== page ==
March 11, 2015

Little sins and a limitless Savior

Numbers 11:1–12:16
John 18:1–24
Psalm 11:1–12:8

Traditional quilts are made up of many small pieces, which means many seams. The seam allowance is ¼ inch. If each seam is a tiny bit off, the quilt will not fit together. In fact, I discovered today that if the weight of thread changes, even if the seam allowance stays at ¼ inch, then the sewn together pieces will also change in size and not fit together properly. Hold that thought . . .

In the journey in the wilderness, the people of God complained a lot. They complained about their misfortunes and the Lord heard it and became angry. He sent fire and burned some outlying parts of the camp. The people cried out to Moses, he prayed, and the fire died down. (Numbers 11:1–2)

A few verses later, the rabble among them craved meat, and soon the people were crying about no meat to eat. They lamented over the fish they ate in Egypt, the cucumbers, melons, leeks, onions, and garlic, and expressed their displeasure with the manna God gave them where they were. Moses heard them, and so did God. He was angry with their attitude. (Numbers 11:4-6, 10)

His solution? He gave them meat and said, “You shall not eat just one day, or two days, or five days, or ten days, or twenty days, but a whole month, until it comes out at your nostrils and becomes loathsome to you, because you have rejected the Lord who is among you and have wept before him, saying, ‘Why did we come out of Egypt?’” (Numbers 11:19–20)

It worked, but the people were never happy. They complained about Moses, they complained when God divided this godly man’s load among others. Even his brother Aaron and sister Miriam complained. God called Moses “my servant” and said to them, “. . . He is faithful in all my house. With him I speak mouth to mouth, clearly, and not in riddles, and he beholds the form of the Lord. Why then were you not afraid to speak against my servant Moses?”

The Lord was angry and departed, removing the cloud from over the tent, and Aaron turned toward Miriam, and she was leprous. (Numbers 12:7–10) She was then shut outside the camp seven days, and the people did not set out on the march till Miriam was brought in again. (Numbers 12:15)

The people grumbled. Aaron and Miriam grumbled. And God’s people were not moving forward because of this sin. One sin or many, it didn’t matter. Sin kept them from setting out until the sin was punished. One stitch too wide, one thread too big?
In the NT, we know that Jesus died for our sin. We are forgiven. No fire, no getting what we complain for until we hate it, no leprosy, but does the sin of one person (or many people) still hold back the advancement of the people of God?

Do the “rabble” among us who like to complain still have the potential to drag us all into a grumbling spirit? Do we complain that we don’t have the “good stuff” we used to enjoy when in the bondage of sin? Do we still reject the Lord by wishing we were back there? Do the small sins of each of us mean that the entire Body of Christ will not fit together properly? Just asking, just asking.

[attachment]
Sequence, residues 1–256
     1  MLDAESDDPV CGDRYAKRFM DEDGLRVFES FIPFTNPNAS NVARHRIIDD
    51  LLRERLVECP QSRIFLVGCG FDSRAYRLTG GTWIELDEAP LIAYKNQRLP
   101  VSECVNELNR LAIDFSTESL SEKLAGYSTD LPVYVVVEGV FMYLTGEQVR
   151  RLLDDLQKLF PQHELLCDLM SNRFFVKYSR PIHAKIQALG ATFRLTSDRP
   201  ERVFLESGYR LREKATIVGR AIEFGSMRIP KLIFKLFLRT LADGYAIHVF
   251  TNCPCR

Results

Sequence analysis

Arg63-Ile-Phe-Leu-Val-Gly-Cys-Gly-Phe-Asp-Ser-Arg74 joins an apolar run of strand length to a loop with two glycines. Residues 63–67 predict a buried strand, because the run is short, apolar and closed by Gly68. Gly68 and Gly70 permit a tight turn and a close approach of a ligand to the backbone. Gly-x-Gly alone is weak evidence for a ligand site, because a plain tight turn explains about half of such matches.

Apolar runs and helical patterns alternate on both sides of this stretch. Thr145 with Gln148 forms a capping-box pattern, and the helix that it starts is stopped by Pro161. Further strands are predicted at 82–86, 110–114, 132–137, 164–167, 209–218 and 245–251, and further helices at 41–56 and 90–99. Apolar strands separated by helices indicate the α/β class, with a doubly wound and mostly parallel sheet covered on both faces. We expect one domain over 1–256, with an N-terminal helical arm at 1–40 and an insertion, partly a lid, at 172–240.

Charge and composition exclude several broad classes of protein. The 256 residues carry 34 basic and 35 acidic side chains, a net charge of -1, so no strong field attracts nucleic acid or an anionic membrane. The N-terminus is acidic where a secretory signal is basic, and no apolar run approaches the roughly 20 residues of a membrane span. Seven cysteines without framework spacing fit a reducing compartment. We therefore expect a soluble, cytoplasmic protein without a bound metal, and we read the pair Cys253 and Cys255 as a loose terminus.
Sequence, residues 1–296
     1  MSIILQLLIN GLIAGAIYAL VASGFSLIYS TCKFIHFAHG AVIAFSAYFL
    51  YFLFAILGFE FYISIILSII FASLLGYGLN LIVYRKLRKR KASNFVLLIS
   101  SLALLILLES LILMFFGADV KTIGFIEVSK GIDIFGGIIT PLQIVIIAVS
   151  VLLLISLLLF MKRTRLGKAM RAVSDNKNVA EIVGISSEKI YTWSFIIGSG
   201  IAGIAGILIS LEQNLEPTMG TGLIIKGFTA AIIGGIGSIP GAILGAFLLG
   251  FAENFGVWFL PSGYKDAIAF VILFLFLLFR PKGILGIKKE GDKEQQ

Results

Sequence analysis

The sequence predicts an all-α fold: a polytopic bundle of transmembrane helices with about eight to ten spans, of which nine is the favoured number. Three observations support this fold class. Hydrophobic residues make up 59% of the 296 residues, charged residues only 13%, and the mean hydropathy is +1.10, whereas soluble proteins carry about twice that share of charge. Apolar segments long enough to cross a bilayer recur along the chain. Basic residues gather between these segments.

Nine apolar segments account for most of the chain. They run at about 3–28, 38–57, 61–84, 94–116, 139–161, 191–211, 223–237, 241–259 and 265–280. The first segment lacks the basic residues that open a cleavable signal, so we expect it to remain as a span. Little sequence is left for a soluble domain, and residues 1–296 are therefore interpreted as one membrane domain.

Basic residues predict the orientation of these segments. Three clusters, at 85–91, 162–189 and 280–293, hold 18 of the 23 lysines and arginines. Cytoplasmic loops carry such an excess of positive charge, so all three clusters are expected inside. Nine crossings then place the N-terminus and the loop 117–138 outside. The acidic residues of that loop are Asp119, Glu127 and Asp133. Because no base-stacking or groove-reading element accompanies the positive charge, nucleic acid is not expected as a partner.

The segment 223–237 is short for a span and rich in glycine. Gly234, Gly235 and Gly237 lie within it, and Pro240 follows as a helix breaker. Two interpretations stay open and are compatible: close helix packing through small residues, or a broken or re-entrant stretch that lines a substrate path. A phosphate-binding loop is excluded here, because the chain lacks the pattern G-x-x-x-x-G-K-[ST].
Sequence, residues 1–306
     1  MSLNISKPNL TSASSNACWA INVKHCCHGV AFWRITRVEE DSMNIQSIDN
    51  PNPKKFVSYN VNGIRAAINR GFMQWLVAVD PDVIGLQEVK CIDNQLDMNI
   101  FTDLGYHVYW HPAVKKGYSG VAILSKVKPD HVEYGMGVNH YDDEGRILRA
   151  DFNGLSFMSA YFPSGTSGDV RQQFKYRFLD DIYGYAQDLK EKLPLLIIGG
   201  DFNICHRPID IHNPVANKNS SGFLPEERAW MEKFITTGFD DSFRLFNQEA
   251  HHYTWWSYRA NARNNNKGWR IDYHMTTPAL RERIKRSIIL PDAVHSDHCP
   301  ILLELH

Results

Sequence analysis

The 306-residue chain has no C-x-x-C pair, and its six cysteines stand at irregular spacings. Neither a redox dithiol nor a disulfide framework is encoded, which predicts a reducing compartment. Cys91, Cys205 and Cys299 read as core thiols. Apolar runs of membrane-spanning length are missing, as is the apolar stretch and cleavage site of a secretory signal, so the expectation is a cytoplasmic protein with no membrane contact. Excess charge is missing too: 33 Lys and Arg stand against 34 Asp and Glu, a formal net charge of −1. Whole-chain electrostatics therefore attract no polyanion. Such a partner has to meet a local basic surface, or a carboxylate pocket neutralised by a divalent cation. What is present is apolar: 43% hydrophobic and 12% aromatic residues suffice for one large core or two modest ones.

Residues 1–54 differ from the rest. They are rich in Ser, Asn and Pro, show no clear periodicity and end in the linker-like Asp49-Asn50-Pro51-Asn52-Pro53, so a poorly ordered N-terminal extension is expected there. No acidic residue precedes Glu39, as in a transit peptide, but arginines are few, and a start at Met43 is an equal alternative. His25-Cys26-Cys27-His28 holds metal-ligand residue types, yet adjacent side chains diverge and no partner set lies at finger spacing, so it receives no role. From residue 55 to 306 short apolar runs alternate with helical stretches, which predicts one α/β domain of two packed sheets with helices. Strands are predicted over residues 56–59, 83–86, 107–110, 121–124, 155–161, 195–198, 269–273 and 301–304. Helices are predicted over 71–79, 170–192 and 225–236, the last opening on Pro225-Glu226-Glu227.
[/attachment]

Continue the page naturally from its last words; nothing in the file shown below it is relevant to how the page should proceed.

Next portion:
The second reading brings us to Jesus in the garden before His arrest. The soldiers arrive, and I’ve been told that a legion was at least 600 of them. “Then Jesus, knowing all that would happen to him, came forward and said to them, ‘Whom do you seek?’” He knew, but He asked and they answered him, “Jesus of Nazareth.”

“Jesus said to them, ‘I am he.’ Judas, who betrayed him, was standing with them. When Jesus said to them, ‘I am he,’ they drew back and fell to the ground.” (John 18:4–6)

The Jews in this group would know that Jesus was saying “I AM” (the ‘he’ is not in the original), which was what the LORD said to Moses at the burning bush when Moses asked for His name. The Roman soldiers would not know that, yet they fell on the ground anyway — at the name, the amazing name, of God Almighty. His name has power. What’s with Judas betraying this man who claimed to be God? Judas didn’t like serving Jesus, so he sold his soul and Satan took charge of him. I wonder what Judas complained about? Cucumbers and melons?

The last reading asks a different question, this time a big broad one: “If the foundations are destroyed, what can the righteous do?” (Psalm 11:3)

What is my foundation? Who is my God? People often say that the OT God is violent, but the NT God is loving. I don’t see two different gods. The Bible says He is the same yesterday, today, and forever. What I do see is that “The Lord is in his holy temple; the Lord’s throne is in heaven; his eyes see, his eyelids test the children of man. The Lord tests the righteous, but his soul hates the wicked and the one who loves violence.” (Psalm 11:4–5)

Yes, God shows mercy on some and not on others. I cannot figure out all of it, but I do know that all sin deserves wrath, whether it is the sin of rejecting God’s care for me because I’ve no onions to eat, or grumbling about those God puts in authority over me, or being a whiner who says ‘I don’t like it’ without any real reasons. Do I know the consequences of even those “little sins” as well as I know the results of sewing the wrong size seam, or using the wrong size thread?

The amazing thing is that all my foolishness is forgiven in Christ. The only sin that God will not forgive is the sin of rejecting the One He sent to mercifully forgive all those other sins.  

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